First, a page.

Paul Wilson: Royal Connaught now knockin' on heaven's door
I believe it’s the smell of death. I was just walking past and it hit me – an unpleasant cocktail of mould and dirt and decay.
Outside, the Royal Connaught does not look so different these past eight years, ever since they sent the last guests home. But inside, the place that holds so much grand Hamilton history may be ready to die.
I hope I’m wrong. I hope somebody knows something I don’t. I hope salvation appears tomorrow.
To me, the Connaught has always been more important than the Lister. The Lister is a beauty. And if they can ever find some ground-floor tenants, we can call that expensive restoration a complete success.
But the Connaught looms larger on the downtown streetscape. And the Connaught means something to more people. It was the place of elegant balls, grad dances, political shindigs. Prime ministers walked through that imposing lobby.
Mayor had the scoop
A year ago this month, mayor Bob Bratina declared he had a scoop. The Royal Connaught was a go. He said the developers were "ready to go as soon as this fall."
He mentioned two principals in this project – Rudi Spallacci and Ted Valeri, who’ve owned the Connaught for seven years. Both have been very successful in the construction business in this city. And both chose not to step forward to elaborate on that teaser from the mayor.
I’ve never met Ted Valeri, though I do know he was suing the city for $9 million over a land deal that collapsed.
I have met Rudi Spallacci. I talked to him several times a few years ago, when he was building the Terraces on King, an 11-storey $16-million project that’s a wonderful addition to downtown.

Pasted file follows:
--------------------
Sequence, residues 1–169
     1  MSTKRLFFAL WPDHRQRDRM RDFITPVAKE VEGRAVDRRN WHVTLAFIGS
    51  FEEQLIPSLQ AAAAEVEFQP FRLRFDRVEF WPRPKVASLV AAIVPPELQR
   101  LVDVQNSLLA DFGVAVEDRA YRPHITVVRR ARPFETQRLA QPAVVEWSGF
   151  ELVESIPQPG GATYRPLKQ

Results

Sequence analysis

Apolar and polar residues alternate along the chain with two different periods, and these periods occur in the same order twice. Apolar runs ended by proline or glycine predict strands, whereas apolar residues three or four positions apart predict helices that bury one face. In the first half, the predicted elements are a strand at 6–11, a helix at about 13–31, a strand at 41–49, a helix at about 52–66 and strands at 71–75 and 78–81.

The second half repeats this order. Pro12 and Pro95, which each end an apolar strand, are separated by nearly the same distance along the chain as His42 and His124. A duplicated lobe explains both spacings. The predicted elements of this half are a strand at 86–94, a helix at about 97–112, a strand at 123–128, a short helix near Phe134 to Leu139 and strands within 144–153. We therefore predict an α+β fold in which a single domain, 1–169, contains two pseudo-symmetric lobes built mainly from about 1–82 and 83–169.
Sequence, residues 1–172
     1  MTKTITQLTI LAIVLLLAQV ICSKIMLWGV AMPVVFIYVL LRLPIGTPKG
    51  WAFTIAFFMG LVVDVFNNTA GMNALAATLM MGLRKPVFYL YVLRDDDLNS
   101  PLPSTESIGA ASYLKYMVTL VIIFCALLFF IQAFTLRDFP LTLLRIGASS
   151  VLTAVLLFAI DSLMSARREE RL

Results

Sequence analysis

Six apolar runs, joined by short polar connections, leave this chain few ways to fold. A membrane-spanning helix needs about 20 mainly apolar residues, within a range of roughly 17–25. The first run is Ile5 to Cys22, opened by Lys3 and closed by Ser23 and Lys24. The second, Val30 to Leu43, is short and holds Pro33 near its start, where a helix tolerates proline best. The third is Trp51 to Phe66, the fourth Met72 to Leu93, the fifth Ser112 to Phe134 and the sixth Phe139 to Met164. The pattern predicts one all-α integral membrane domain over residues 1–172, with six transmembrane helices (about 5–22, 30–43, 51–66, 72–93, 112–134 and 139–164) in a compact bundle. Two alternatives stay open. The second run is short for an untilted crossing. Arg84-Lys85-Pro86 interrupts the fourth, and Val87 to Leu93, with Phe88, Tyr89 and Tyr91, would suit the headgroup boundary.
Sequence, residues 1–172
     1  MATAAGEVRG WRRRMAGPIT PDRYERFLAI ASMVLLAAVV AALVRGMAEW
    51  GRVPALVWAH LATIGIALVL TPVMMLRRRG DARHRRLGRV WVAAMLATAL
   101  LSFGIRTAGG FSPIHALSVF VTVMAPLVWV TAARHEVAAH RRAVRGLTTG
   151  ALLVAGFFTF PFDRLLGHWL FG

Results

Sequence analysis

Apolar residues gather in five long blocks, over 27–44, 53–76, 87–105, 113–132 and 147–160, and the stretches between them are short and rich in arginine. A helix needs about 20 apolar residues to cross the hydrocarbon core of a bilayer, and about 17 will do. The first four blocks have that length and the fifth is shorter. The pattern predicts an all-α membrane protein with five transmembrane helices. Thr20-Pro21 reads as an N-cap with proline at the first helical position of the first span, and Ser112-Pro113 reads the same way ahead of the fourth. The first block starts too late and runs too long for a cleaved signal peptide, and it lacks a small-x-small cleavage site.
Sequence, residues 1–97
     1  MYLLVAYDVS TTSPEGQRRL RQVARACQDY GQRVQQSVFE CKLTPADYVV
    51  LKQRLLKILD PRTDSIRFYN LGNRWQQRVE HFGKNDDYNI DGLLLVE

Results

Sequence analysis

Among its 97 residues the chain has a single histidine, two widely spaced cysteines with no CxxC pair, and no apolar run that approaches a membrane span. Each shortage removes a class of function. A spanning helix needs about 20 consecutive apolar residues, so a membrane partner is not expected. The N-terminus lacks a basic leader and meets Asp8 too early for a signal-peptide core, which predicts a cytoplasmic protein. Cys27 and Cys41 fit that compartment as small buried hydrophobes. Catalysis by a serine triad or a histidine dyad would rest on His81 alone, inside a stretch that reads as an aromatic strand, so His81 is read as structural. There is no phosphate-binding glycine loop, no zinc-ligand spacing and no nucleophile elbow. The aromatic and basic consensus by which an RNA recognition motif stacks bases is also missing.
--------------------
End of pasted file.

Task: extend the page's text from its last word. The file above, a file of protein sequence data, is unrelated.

So last week, after I picked up the scent of death in front of the Connaught, I drove to Spallacci’s office. It’s far from the core, up near Rymal and Nebo.
He was out, but his secretary said he’d surely be back later. I left my card.
I didn’t hear back that day, so followed up with a phone call. His secretary said he was tied up and asked if I’d like to leave a message on his voice mall. I did, but still didn’t hear back.
From more than one person who should know, I heard early this summer that a sales trailer was about to be set up in front of the Connaught. The marketing of condos was to begin. No trailer appeared.
I also heard from one city hall veteran that those who wanted to develop the Connaught have been scared off by what Darko Vranich is now putting up with great speed in the core – two hotels and hundreds of condo units.
The theory is that the Connaught interests worry there would be too much coming on the market at one time. Another concern – maybe City Hall’s downtown-development incentives have already been tapped out by Vranich.
I don’t know if there’s anything to it. Those are the questions I wanted to ask.
The Royal Connaught opened in 1916 and wowed a city. Come its centennial, just a few years from now, will this storied hotel get a chance to impress us again? Or will we mark that day with a wake?